Grimm, Episode “Thanks for the Memoires” Broadcast October 24, 2014
Written by Jim Kouf & David Greenwalt
Directed by Norberto Barba
After a recap of last season’s finale, Captain Renard is seen entering the ER in critical condition. He was shot three times in the chest and his future is looking uncertain. While this is going on, Nick, Juliette, Hank, and Trouble are driving back to Nick and Juliette’s house, since that’s where the captain was shot and where Trouble left the decapitated body of the man wielding the gun. As they make their way they all play plot catch up: Adalind transformed herself into Juliette so Nick would have sex with her so she could gain another element for a potion she created to have him lose his Grimm abilities. Nick no longer can detect Wesen and has lost all heightened speed and senses. As this dawns on them, Hank reminds them they better get their stories straight because if they’re going to lie to the police they had better be telling the same story. As they make the final turn to the house, they see several squad cars parked outside. The action then goes outside a home where a man stands across the street holding two suitcases. A series of seemingly painful flashbacks occur before him, including a child, a woman, a computer screen, and military planes. Shaking if off, he walks to the door and knocks. He gains entrance from Henry Slocombe after mentioning they have a mutual friend who’s been in an accident. As this stranger, Laurence Anderson, describes the friend’s accident he begins to sweat profusely. He walks to Slocombe and changes into his Wesen form, a humanoid with a squid head, complete with four waving tentacles. He grabs the man and his tentacles plunge into the back of Slocombe’s head. Cue opening title sequence and first commercial break.
This episode pushes the plot arc forward while giving some good character growth to Wu and Trouble. The latter gets the biggest jump because she’s now the only Grimm in the area. She takes this responsibility seriously, studying more from the books, and being overly pleased at being able to do things that once Nick took charge of. Jacqueline Toboni got a lot of screen time and looked to be enjoying it. The only clunky moment came outside of Grandma’s trailer, but that seemed more of a directorial misstep. Reggie Lee also is getting more to do, as Wu has discovered one of the Grimm books during the investigation of the crime scene at Nick and Juliette’s house. Wu has a dark cloud over his face as he peruses each page, obviously thinking of the incident that had him check himself into a mental facility after killing a Wesen. He is doubting Nick at every turn and is facing some major turmoil. Hank wants to help, but doesn’t know what to say or reveal. The most enjoyable character turn came from Juliette who is the stronger character in her relationship with Nick, because she makes choices that show she’s grown from previous seasons. When Nick suggests he sleep on the sofa after what he’s done, she responds with, “We’re not doing that again.” Thank you, Kouf and Greenwalt! I especially liked the scene set on the living room floor.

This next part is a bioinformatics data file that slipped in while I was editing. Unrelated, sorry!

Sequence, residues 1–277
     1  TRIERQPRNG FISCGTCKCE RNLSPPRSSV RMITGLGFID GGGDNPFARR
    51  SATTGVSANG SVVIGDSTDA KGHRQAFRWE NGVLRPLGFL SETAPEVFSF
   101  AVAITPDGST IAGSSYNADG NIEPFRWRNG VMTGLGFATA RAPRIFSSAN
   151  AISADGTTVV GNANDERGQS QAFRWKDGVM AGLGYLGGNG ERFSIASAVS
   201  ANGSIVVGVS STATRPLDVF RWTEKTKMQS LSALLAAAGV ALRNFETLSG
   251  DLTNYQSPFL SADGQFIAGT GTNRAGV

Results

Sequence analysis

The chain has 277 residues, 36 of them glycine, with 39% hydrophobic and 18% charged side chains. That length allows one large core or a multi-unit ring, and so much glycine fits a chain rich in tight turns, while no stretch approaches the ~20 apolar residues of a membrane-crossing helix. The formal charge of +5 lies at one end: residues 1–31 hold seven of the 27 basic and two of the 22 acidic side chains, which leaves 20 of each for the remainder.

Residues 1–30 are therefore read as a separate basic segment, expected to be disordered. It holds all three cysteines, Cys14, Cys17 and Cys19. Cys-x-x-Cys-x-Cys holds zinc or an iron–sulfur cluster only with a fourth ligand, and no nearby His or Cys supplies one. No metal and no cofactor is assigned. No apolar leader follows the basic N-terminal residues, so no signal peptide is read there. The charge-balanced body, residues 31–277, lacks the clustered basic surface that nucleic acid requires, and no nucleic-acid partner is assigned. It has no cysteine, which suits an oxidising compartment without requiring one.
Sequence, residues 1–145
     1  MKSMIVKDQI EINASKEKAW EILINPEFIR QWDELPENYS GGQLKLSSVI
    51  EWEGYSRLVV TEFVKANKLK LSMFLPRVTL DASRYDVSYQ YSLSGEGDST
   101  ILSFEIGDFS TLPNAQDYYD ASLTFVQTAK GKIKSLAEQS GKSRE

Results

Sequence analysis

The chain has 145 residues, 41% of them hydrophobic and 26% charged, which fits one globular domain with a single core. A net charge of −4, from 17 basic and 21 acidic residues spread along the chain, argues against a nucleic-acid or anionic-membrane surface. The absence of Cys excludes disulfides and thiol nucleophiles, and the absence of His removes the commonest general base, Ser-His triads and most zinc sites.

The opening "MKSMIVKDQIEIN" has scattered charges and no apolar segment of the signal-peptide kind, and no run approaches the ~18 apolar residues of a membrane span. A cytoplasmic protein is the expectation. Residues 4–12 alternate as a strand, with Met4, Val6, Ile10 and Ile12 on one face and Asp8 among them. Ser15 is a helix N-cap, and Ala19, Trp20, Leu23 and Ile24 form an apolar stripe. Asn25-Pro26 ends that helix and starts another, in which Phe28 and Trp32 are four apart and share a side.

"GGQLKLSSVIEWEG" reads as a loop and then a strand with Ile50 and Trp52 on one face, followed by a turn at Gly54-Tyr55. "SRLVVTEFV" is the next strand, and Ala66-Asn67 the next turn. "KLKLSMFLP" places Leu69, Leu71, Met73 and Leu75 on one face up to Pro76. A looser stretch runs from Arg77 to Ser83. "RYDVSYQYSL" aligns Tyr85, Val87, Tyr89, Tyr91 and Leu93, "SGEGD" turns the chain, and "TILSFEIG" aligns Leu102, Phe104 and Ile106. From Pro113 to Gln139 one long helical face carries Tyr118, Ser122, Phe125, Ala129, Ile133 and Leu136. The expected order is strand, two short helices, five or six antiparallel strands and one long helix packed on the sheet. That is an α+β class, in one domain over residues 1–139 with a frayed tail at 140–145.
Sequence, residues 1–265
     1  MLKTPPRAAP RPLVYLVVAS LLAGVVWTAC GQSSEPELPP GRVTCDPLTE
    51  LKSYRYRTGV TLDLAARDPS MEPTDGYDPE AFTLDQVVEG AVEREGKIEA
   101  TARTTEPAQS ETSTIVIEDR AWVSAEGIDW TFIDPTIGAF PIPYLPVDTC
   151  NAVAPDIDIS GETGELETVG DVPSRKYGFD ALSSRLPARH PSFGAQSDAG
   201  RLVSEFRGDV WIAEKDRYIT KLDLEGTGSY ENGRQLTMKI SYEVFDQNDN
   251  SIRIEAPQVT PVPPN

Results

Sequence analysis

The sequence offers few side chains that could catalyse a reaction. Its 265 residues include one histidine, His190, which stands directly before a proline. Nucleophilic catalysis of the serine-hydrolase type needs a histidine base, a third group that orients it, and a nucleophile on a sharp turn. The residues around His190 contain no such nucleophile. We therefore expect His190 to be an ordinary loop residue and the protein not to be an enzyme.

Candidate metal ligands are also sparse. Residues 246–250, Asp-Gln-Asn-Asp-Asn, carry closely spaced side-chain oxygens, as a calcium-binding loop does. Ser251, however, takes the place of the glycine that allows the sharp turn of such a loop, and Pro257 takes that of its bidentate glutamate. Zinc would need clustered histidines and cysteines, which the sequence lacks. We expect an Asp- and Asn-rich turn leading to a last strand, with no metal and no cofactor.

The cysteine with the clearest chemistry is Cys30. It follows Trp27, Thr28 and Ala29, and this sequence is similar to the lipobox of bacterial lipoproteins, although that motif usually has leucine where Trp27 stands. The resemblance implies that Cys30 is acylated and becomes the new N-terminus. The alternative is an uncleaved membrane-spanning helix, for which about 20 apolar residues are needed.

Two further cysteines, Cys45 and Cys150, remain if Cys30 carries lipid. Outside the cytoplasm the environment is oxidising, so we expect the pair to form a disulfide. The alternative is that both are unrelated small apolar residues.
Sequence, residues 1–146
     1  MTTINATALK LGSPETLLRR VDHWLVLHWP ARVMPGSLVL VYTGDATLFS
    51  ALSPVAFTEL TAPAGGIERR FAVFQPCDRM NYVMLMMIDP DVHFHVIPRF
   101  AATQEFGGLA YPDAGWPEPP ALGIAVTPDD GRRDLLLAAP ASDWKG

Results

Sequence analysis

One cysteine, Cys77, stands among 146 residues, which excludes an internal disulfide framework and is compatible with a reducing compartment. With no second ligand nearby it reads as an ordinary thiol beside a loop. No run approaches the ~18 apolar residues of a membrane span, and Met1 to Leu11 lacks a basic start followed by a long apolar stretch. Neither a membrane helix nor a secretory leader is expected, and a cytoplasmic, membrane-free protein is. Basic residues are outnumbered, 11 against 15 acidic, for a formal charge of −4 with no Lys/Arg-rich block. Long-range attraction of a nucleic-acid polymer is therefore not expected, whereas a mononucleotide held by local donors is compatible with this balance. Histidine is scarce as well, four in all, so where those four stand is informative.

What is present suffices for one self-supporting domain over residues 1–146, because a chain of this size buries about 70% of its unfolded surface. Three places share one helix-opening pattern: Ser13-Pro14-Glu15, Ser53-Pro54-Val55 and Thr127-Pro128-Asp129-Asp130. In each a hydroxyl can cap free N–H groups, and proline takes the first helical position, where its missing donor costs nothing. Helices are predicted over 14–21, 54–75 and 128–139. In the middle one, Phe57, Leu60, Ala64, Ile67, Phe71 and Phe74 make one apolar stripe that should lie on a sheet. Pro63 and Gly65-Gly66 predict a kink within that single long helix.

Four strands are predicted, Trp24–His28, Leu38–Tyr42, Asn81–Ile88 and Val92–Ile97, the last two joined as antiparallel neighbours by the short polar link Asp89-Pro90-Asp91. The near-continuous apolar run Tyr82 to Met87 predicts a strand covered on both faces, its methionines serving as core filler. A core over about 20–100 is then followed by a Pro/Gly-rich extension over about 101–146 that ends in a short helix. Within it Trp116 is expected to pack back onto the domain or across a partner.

There were a few weak spots. The inclusion of newlyweds Monroe and Rosalee added nothing to the scene or story. The information that they provided could have been given in the next episode, as nothing comes of their knowledge in this episode. They seemed to be fulfilling contract obligations. Russell Hornsby was reacting more than acting, though the tease with Hank and Wu has me eager for him to spill the beans. David Giuntoli did a lot of staring into empty space, as Nick is reacting to the loss of his powers. Only his moments with Juliette were good. The FBI agent wasn’t really a surprise, but what she did with some information left me at a loss. The one clunky line comes from the last officer to leave Nick and Juliette’s, “Sorry about the mess.” I groaned at that.
The good: Reggie Lee, Jacqueline Toboni, Bitsie Tulloch, and the double cliffhanger.
The bad: Nick and Hank not doing much and Monroe and Rosalee present to be present.
The final line: I am liking the possibility of Nick being powerless for some time and exploring what it’s like to be normal again. The show is Grimm and that doesn’t mean it has to be Nick. I’m also liking the Wesen and being unclear as to what it’s transporting. Enjoyable season opener. Overall grade: B
Patrick Hayes was a contributor to the Comic Buyer’s Guide for several years with “It’s Bound to Happen!”, he reviewed comics for TrekWeb, and he currently reviews Trek comics at TrekCore. He’s taught 8th graders English for 20 years and has taught high school English for two years and counting. He reads everything as often as he can, when not grading papers or looking up Star Trek, Star Wars, or Indiana Jones items online.